Small business marketing strategy using analytics data in 3 easy steps
So, how can you as a small business owner go about building a data-driven marketing strategy and what are some of the tools that can help you do it? Here’s a 3-step process to get you started:
Step One: Understanding Google Analytics
As any small business owner knows you don’t pass on free stuff when money is tight and resources are scarce. One of the best free tools to drive your marketing strategy is Google Analytics. If you have a website you probably have Google Analytics set up already, but checking it’s been done correctly needs to happen before you start creating new content or paying for ads. You can’t back-date your Google Analytics data so if you find a problem in three months that’s three months of data you’ve lost or compromised.
Google’s support pages are a great, free resource for learning how Google Analytics works and figuring out solutions to your problems. We would also recommend the Tag Assistant extension from Chrome. Tag Assistant is a handy tool that immediately flags tracking code problems on whatever web page you’re looking at. This is an easy way to spot errors as you browse your own site. It’s really easy to miss the tracking code off new pages or sections of your site and you’ll lose data for good until you find and fix it. Tag Assistant will let you know right away if that happens.
Once your tracking code is working properly, you should create a view in Google Analytics that filters out internal traffic. This is easy enough to do but most small businesses don’t remember to do it, especially if they’re handling their marketing in-house. Filtering out internal traffic is important for any business, but it’s especially important for small businesses where visitor numbers will be lower and activity from your own staff can really throw off your stats.
If your data is clean, working out what Google Analytics is telling you is straight-forward enough at the top level, especially with the help of the support pages. But if you want Google Analytics to really drive your marketing decisions you need to build a deeper understanding of how it works and what it can do.
For that we would recommend the Google Analytics Individual Qualification where you can study for basic and advanced analytics certifications. As a small business owner you probably think you’re too busy to do this yourself, but you’d be wrong. If you’re serious about running a data-driven marketing strategy you need to get to grips with Google Analytics so you can make properly informed decisions and keep your staff and external agencies honest. The qualifications are supported by accessible video tutorials and online exercises. If you put the work in you can get qualified in a couple of weekends.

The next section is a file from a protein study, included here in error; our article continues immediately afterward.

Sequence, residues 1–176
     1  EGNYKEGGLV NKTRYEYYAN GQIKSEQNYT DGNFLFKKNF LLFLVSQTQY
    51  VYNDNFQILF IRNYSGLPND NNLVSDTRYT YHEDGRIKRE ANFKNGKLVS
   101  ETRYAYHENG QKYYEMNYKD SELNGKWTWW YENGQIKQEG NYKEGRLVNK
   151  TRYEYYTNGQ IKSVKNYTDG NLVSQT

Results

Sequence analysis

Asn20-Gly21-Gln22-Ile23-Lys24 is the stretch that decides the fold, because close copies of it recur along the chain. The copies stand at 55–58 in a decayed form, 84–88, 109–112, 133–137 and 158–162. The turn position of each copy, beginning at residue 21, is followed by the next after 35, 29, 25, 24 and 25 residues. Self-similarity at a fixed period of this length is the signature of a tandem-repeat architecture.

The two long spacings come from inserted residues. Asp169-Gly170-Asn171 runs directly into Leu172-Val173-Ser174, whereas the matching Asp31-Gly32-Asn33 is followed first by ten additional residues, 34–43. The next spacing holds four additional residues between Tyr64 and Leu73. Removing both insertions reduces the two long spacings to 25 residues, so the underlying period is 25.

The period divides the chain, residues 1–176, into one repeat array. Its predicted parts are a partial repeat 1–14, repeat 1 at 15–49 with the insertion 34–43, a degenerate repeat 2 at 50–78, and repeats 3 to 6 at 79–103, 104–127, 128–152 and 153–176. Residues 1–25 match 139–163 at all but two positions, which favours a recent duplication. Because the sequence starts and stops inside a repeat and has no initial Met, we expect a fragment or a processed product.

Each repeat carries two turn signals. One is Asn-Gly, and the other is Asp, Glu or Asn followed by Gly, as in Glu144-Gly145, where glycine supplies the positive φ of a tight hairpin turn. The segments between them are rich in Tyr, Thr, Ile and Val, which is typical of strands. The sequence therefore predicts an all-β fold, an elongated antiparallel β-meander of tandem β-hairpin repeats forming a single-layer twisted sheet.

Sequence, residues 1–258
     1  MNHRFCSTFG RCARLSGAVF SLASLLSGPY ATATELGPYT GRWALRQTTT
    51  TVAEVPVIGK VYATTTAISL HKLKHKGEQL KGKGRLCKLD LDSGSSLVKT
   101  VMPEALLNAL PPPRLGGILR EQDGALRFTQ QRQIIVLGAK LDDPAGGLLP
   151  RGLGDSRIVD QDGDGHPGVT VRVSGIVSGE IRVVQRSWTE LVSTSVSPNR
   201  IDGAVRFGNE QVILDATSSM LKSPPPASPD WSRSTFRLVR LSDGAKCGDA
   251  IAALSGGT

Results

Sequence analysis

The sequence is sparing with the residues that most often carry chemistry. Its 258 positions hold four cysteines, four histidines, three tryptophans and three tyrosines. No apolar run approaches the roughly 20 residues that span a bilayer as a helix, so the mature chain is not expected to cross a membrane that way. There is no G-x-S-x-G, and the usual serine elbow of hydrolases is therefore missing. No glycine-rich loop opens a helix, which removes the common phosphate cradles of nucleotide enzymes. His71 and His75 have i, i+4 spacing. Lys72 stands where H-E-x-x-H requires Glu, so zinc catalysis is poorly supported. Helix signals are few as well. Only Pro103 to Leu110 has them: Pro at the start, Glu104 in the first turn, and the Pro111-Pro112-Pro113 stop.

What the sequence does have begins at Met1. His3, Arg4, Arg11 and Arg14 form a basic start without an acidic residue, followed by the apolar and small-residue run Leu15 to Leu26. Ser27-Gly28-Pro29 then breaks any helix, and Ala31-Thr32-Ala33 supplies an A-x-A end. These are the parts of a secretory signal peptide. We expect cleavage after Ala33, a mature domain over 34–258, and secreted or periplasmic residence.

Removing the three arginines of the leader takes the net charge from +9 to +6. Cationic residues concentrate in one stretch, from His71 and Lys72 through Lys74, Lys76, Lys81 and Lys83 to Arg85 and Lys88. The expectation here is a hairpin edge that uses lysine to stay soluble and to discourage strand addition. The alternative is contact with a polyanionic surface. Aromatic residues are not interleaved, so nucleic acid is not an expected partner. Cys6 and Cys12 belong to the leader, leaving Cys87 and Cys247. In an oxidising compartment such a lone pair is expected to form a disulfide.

Step Two: Controlling your website
One of the things that still surprises us is how often small business owners delegate responsibility for and even access to their own websites. They wouldn’t cede control over other valuable assets or pay for office space with a locked door and no keys. But when it comes to their digital presence, too many business owners have a blind spot.
Of course, digital isn’t the only way to do marketing, but even if you’re having great success with traditional, offline marketing strategies to generate business you can bet that more and more customers and potential customers are checking you out online as part of their decision making process.
And what they see matters. EY’s Digital Australia: State of the Nation 2017 revealed that 40 per cent of consumers would walk away from a brand that failed to provide a high quality digital experience. A particular challenge for small businesses here is mobile compatibility. Sites that look a bit dated but not fatally so on a desktop can be impossible to use on a smartphone. The share of traffic on desktops dropped by 19 per cent in Australia last year, while mobile traffic increased by 36 per cent, according to the 2017 Social Media Marketing Report by Social Media Examiner. If you want to know if your website is turning off mobile users, you can use Google’s free tool for checking mobile friendliness.
Now, you don’t need to learn to code to get a professional, mobile-friendly website. And you certainly don’t need to be a programmer to get control of your site. Using an open-source platform like WordPress can remove a lot of the traditional barriers that small businesses face. WordPress has a huge library of third party plugins that can help you add functionality without needing a developer. The back-end is simple enough to use and because it’s the world’s most popular platform there is plenty of free support available online when you run into problems and if you ever do need expert help you’ll have plenty of choice..